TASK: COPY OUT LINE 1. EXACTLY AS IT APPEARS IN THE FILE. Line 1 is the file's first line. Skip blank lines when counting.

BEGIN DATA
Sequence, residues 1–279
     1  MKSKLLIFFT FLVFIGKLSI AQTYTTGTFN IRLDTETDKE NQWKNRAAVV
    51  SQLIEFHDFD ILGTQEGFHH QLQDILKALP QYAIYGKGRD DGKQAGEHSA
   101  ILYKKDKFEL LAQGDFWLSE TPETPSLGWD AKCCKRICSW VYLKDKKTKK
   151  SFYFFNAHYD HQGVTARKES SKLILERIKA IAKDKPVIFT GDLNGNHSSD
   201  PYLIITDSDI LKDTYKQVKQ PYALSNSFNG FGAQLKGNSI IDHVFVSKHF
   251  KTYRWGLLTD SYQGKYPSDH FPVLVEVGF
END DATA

Sequence, residues 1–279